Robert Sturdy's Strasbourg report - March 2014

Ukraine was very much at the forefront of everybody’s thoughts this past week in Strasbourg.

While it was not the most important file adopted during the plenary session, the Parliament did adopt a cross-party resolution on the situation in Crimea. It stated that the Russian invasion of Crimea is a breach of international law and the referendum held on March 16 is illegal.

Parliamentarians expressed their concern that the actions taken by Russia could be a threat to EU security.

Online data security

Security was increased this week for the use of your data online. A major overhaul of the EU’s Data Protection laws were completed, which aim to give citizens more control over their personal data and to make it easier for firms to work across the EU.

It should improve your privacy while also limiting unnecessary bureaucracy, burden and complication.

Privacy vs TTIP

The Parliament also commented on some of the breeches of privacy made by the US National Security Agency (NSA).  Luckily, this disapproving report didn’t go one step too far and adopt an amendment calling for the immediate suspension of the EU-US trade negotiations on Transatlantic Trade and Investment Partnership (TTIP).

While I agree that our American partners were in the wrong when they decided to bug Chancellor Merkel’s telephone, this is a completely separate issue to trade.  We would be cutting off our nose to spite our face if we didn’t continue to work towards the economic benefits TTIP could provide.

In parallel to the trade negotiations, the European Commission and the European Parliament are working with US counterparts to resolve the on-going issues around transatlantic data protection.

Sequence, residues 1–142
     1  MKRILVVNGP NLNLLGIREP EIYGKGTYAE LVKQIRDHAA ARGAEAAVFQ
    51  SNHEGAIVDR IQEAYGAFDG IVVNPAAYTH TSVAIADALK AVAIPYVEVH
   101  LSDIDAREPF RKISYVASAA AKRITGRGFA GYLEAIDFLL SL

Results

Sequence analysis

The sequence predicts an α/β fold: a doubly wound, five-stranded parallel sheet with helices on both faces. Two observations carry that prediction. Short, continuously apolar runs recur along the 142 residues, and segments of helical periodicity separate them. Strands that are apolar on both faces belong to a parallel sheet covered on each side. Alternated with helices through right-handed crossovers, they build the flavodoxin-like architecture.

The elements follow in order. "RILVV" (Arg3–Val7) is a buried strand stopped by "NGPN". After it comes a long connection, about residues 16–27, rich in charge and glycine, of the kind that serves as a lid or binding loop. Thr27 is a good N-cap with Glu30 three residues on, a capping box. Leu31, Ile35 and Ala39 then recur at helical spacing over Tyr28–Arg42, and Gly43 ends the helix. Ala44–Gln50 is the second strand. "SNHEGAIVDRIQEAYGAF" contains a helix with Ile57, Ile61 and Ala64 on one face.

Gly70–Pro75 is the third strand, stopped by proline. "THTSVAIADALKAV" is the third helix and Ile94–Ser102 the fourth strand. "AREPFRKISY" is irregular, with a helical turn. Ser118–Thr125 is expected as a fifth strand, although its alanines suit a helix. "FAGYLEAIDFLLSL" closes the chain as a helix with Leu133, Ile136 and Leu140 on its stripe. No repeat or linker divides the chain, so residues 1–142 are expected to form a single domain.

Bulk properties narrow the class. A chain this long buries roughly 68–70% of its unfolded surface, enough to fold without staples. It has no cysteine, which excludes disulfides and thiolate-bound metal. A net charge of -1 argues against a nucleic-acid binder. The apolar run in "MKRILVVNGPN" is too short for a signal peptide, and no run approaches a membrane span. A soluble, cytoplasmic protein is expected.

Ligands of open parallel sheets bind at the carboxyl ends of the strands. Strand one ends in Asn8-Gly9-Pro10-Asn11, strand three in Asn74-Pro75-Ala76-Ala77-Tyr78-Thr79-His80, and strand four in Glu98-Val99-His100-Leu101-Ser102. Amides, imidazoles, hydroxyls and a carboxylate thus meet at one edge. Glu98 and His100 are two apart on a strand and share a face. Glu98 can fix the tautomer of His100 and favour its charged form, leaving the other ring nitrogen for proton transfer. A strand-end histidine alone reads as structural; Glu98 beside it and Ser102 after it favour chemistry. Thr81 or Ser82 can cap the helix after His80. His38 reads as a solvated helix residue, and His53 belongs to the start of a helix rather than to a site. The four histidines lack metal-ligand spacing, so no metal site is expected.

Universal phone chargers and road safety

In addition to the bigger, high-profile regulations voted on this week, the Parliament also passed some smaller files that have a large impact on our daily lives – it called on mobile phone manufacturers to introduce a universal charger to simplify technology and reduce waste.

Another piece of legislation also updated was the EU rules for vehicles testing.  After extensive negotiations with the Council and Commission, the Parliament gave final consent to a package of laws aimed at improving road safety and ensuring cross-border recognition of roadworthiness certificate.

This will drive up standards of road safety across Europe, while giving Member States some flexibility in the implementation.

And another thing...

In other news, the first week of April will see the first mini-plenary in almost two years.

This is no April Fool’s joke.  You may remember in August of 2012 the Brussels plenary chamber was closed due to structural problems with the roof. This will finally be re-opened and we will have one mini-plenary session before the end of the legislative term.

Contact Robert Sturdy

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